Leno campaigned tirelessly for the job, beating out Letterman, who was the expected heir. CBS jumped to give Letterman a rival show. This period of TV history is sometimes called "The Late Night Wars."
"Who Moved My Cheese?" was published in 1998 and was very widely read. It's a fable involving mice and cheese that illustrates how people do, as well as should, react to change.
American designer Tommy Hilfiger was particularly popular with hip-hop artists. This positioned his designs to filter into the mainstream, as dressed-down hip-hop style, overall, was big in the early 2000s.
Carter is one of the rare presidents who became higher-profile after his occupation of the White House. He was considered an ineffective president, but is highly regarded for his post-presidential work.
The original show went off the air in 1969. Interest in the concept didn't really revive until 1987, when "TNG" premiered. Now, of course, it's an entire franchise.
John McCain died in mid-2018. He respectfully referred to Barack Obama as "my opponent, not my enemy" -- a lesson which American politics seems to have lost sight of in only 10 years' time.
In 1984, Ronald Reagan didn't think America needed to be made great again. He thought it already was -- thanks to four years of his leadership!
While Dr. Atkins began to promote his diet in 1989, it wasn't until the early 2000s that it became a huge success. Enthusiasm cooled after Dr. Atkins died in a fall on icy pavement, which was rumored to have been caused by a heart attack. His estate denies this, but he did have a history of heart disease, casting doubt on the wisdom of "eating fat to lose fat."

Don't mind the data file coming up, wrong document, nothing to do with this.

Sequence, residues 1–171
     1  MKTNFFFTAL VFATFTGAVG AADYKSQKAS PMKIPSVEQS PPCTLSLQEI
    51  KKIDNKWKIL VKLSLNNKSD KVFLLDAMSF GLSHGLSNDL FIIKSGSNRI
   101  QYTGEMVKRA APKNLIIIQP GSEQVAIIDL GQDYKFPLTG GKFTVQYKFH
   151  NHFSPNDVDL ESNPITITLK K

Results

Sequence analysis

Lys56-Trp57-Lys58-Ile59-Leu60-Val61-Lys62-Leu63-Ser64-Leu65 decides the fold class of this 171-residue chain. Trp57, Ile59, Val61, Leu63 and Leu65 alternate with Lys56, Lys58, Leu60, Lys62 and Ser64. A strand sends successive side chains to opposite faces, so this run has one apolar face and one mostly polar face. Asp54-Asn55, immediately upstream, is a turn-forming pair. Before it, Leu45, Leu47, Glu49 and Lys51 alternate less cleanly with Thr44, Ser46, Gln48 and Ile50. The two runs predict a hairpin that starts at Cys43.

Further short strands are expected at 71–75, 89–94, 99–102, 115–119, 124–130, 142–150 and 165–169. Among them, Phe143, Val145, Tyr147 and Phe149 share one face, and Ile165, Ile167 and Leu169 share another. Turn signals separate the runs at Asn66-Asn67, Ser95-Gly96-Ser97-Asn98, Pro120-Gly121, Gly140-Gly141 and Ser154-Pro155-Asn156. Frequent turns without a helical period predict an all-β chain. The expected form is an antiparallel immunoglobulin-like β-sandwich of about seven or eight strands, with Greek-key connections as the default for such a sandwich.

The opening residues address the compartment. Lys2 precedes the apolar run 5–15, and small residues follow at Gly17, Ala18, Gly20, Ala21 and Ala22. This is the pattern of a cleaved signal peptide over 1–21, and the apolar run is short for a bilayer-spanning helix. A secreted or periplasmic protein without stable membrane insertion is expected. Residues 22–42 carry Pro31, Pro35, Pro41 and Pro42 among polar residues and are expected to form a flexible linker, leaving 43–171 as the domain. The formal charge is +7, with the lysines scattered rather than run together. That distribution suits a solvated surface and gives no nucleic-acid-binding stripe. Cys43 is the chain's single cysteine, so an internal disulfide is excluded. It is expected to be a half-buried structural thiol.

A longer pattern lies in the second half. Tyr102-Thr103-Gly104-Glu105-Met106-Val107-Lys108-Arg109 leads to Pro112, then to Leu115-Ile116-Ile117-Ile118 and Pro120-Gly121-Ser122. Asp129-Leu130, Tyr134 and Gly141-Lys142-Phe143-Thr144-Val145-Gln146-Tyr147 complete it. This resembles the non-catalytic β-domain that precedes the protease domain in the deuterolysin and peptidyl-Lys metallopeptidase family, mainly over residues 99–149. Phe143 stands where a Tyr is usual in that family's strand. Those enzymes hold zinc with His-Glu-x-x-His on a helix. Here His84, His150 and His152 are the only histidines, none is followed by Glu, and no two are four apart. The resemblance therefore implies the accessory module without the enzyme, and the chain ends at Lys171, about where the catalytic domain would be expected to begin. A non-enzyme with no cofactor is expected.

Mapping the human genome was one of the marquee scientific accomplishments of the late 20th century. But it barely made it into that time frame. The results were published in 2000.
The smoking ban began in 1988, on domestic flights of two hours or fewer. It became an across-the-board prohibition in 2000. This is only for U.S.-based airlines. Some airlines in other countries still allow smoking.
In an odd coincidence, Bill Clinton, George W. Bush, and Donald Trump were all born in 1946. This means that America has elected increasingly older men to lead the country since 1992 -- not necessarily a good thing for fresh thinking. (Sorry, AARP!)
"The Bridges of Madison County" was the story of a lonely farmer's wife and a National Geographic photographer who have a life-changing affair in 1960s Iowa. It was so popular that it inspired a parody, "The Ditches of Edison County."
"Chariots of Fire" won Best Picture of 1981. It was a biographical film about two athletes, one Jewish and one Christian, whose religious convictions both fuel and hinder their athletic aspirations. Both were Cambridge runners who went to the Paris Olympics.
The core part of the ISS was launched in 1998, and additions were made in space thereafter. It will continue to operate for about another 10 years.